either the sign bit, extending the register’s two’s complement
data format to a full sixteen bits or the instruction address
that generated the conversion and the resulting data. These
modes are selected according to the logic state of the Con-
figuration register’s Bit 5.
The FIFO status should be read in the Interrupt Status
register (Bits 11–15) to determine the number of conversion
results that are held in the FIFO before retrieving them. This
will help prevent conversion data corruption that may take
place if the number of reads are greater than the number of
conversion results contained in the FIFO. Trying to read the
FIFO when it is empty may corrupt new data being written
into the FIFO. Writing more than 32 conversion data into the
FIFO by the ADC results in loss of the first conversion data.
Therefore, to prevent data loss, it is recommended that the
LM12(H)454/8’s interrupt capability be used to inform the
system controller that the FIFO is full.
The lower portion (A0 = 0) of the data word (Bits 0–7) should
be read first followed by a read of the upper portion (A0 = 1)
when using the 8-bit bus width (BW = 1). Reading the upper
portion first causes the data to shift down, which results in
loss of the lower byte.
Bits 0–12 hold 12-bit + sign conversion data. Bits 0–3 will
be 1110 (LSB) when using 8-bit plus sign resolution.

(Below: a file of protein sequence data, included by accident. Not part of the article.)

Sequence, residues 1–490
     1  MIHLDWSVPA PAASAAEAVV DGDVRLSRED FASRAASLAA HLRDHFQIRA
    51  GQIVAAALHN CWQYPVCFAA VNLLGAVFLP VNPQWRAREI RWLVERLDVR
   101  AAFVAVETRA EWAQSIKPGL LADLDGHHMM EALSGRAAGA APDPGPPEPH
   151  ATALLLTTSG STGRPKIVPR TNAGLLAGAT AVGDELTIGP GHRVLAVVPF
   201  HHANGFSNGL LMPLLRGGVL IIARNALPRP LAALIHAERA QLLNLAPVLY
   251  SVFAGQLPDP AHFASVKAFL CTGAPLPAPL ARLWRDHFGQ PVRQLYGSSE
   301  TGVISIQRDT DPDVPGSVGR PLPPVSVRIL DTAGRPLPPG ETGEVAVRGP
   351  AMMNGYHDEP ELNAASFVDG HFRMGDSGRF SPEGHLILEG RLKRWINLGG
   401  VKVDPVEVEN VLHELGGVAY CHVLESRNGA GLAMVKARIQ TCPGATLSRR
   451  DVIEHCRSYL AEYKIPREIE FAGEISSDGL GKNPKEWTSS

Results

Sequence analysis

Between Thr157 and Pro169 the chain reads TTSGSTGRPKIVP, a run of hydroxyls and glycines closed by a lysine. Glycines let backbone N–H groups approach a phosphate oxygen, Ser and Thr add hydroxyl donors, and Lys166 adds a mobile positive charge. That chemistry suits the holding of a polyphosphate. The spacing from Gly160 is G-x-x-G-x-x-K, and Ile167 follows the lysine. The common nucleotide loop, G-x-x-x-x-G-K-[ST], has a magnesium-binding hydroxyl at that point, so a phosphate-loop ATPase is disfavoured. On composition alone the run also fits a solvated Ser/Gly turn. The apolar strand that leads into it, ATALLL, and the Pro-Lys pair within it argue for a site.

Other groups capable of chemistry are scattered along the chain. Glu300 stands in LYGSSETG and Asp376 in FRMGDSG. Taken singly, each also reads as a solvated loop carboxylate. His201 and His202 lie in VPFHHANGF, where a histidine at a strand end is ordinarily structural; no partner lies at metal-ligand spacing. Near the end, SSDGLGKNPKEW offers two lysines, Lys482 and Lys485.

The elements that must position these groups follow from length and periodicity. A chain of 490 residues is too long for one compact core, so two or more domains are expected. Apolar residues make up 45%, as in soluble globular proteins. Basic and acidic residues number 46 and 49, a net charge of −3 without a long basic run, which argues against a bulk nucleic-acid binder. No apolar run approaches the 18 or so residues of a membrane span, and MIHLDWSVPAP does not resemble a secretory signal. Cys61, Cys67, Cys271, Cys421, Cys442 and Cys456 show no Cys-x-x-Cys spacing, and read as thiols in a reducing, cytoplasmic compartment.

Bits 13–15 hold either the instruction responsible for the
associated conversion data or the sign bit. Either mode is
selected with Bit 5 in the Configuration register.
Using the FIFO’s full depth is achieved as follows. Set the
value of the Interrupt Enable register’s Bits 11–15 to 11111
and the Interrupt Enable register’s Bit 2 to a “1”. This gener-
ates an external interrupt when the 31st conversion is stored
in the FIFO. This gives the host processor a chance to send
a “0” to the LM12(H)454/8’s Start bit (Configuration register)
and halt the ADC before it completes the 32nd conversion.
The Sequencer halts after the current (32) conversion is
completed. The conversion data is then transferred to the
FIFO and occupies the 32nd location. FIFO overflow is
avoided if the Sequencer is halted before the start of the
32nd conversion by placing a “0” in the Start bit (Configura-
tion register). It is important to remember that the Sequencer
continues to operate even if a FIFO interrupt (INT 2) is
internally or externally generated. The only mechanisms
that stop the Sequencer are an instruction with the PAUSE
bit set to “1” (halts before instruction execution), placing a “0”
in the Configuration register’s START bit, or placing a “1” in
the Configuration register’s RESET bit.
The Sequencer uses a 3-bit counter (Instruction Pointer, or
IP, in Figure 9) to retrieve the programmable conversion
instructions stored in the Instruction RAM. The 3-bit counter
is reset to 000 during chip reset or if the current executed
instruction has its Loop bit (Bit 1 in any Instruction RAM “00”)
set high (“1”). It increments at the end of the currently
executed instruction and points to the next instruction. It will
continue to increment up to 111 unless an instruction’s Loop
bit is set. If this bit is set, the counter resets to “000” and
execution begins again with the first instruction. If all instruc-
tions have their Loop bit reset to “0”, the Sequencer will
execute all eight instructions continuously. Therefore, it is
important to realize that if less than eight instructions are
programmed, the Loop bit on the last instruction must be set.